Remember that animal you saw online that was up for adoption? You might want to look into that, as it could be beneficial for your health and your future children — literally.
Scientists from the University of Alberta found that exposure to household pets, especially the furry kind, can reduce the risk for developing allergies and obesity for infants. The researchers believe immunity can be helped through the gut’s microbiome.
“There’s definitely a critical window of time when gut immunity and microbes co-develop, and when disruptions to the process result in changes to gut immunity,” said Anita Kozyrskyj, a U of A pediatric epidemiologist and one of the world’s leading researchers on gut microbes, in a press release.
Microbes, or bacteria that live in the digestive tracts of humans and animals, can be influenced by pet exposure, even while in the womb. The authors said pet exposure to reduce health risks is especially helpful for infants following Cesarean (C-section) delivery.
The study used a subsample of data from the Canadian Healthy Infant Longitudinal Development Study (CHILD) in which they assessed information from 746 infants. Mothers who were pregnant between 2009 and 2012 were asked to report on their household pet ownership during their second and third trimesters as well as three months postpartum.
More than half of the infants in the study were exposed to some kind of furry pet during prenatal and/or postnatal periods of time. Of the two specific bacteria, known as Oscillospira or Ruminococcus and Streptococcaceae, Kozyrskyj said, “The abundance of these two bacteria were increased twofold when there was a pet in the house.”
Kozyrskyj also said that pet exposure indirectly affects the gut microbiome during the mother’s pregnancy and through an infant’s first three months. Both of the bacterium have been negatively associated with childhood allergy development and obesity, the authors said.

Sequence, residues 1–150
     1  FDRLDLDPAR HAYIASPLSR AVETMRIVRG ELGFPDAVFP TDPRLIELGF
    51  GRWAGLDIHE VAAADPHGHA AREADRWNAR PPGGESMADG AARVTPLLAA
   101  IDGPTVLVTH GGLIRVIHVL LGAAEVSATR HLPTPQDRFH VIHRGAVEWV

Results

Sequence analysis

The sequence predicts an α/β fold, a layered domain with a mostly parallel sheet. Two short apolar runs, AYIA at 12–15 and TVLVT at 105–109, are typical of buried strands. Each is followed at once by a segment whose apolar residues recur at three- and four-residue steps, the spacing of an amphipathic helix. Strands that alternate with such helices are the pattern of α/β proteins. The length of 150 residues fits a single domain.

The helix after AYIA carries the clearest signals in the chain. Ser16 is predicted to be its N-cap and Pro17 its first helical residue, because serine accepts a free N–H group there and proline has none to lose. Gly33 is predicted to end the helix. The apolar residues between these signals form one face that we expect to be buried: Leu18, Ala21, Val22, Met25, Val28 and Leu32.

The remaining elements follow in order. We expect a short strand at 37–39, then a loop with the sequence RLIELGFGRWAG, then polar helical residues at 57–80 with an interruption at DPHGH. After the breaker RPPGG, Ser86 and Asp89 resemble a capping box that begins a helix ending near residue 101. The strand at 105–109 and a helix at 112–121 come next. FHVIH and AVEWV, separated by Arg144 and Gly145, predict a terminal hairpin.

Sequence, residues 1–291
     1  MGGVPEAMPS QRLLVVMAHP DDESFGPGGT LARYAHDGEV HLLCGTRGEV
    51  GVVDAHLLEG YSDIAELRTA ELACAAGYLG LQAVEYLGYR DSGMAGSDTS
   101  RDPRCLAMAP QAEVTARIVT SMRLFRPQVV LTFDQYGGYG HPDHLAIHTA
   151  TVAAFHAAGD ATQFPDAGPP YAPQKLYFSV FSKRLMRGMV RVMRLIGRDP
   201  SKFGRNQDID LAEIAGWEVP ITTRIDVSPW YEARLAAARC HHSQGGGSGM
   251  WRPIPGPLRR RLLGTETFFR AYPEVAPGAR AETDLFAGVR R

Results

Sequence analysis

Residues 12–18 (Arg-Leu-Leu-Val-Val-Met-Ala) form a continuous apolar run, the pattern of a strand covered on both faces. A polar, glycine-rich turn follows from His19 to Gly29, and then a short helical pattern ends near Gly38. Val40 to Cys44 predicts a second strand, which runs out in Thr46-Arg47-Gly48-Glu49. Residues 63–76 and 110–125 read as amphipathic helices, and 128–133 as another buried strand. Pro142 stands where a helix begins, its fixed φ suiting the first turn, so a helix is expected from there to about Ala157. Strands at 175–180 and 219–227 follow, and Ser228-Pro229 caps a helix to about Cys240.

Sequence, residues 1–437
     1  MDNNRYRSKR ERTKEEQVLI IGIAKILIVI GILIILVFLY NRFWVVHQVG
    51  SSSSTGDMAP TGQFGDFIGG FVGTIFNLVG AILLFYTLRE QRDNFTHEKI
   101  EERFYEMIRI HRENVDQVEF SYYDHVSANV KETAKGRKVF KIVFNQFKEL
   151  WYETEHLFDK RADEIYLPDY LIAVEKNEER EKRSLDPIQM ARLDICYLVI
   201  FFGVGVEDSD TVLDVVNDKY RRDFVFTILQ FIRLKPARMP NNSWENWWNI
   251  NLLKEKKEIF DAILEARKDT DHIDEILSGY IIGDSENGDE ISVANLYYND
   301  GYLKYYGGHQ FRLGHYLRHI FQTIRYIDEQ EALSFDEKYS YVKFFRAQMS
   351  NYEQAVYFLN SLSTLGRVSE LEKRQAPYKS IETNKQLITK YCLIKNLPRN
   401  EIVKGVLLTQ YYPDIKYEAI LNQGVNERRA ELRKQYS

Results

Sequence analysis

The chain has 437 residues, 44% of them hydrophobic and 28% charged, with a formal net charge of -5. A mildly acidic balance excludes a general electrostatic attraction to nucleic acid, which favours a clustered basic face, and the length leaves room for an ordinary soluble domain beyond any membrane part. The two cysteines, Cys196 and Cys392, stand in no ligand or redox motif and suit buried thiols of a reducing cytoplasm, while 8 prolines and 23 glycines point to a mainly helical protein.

Other bacteria were found in association with pet exposure. A high number of Vellionellaceae and Lachnospiraceae were found in infants who had prenatal pet exposure, but weakened over time during the postnatal period.
Both pre- and postnatal pet ownership was linked to increases in bacteria species of Firmicutes and Verrucomicrobiaceae in infants, the authors said. An infant’s gut health can be influenced by many factors, including age, the way a baby is delivered, diet and antibiotic treatment, the study said.
“With increasing ownership of pets in our modern lifestyle and reports of their beneficial effects, the question of pet ownership is becoming a common one for pregnant women,” the authors wrote. “Our findings highlighted the differential impact of pet exposure on infant gut microbiota following variant birth scenarios.”
There has already been a response to a wide range of research that associated infant probiotics with a healthy baby. Infant companies have developed new probiotic lines to match consumer demands, and a new supplement wouldn’t be surprising, Kozyrskyj said.
“It’s not far-fetched that the pharmaceutical industry will try to create a supplement of these microbiomes, much like was done with probiotics,” she said.
Scientists from the University of Toronto, Simon Fraser University, McMaster University, the University of British Columbia, the University of Manitoba and CHILD study investigators contributed to the study.
Tori Linville is a freelance writer and editor from Clarksville, Tennessee. When she isn’t writing or teaching, she’s faithfully watching her alma mater, the University of Alabama, dominate the football field.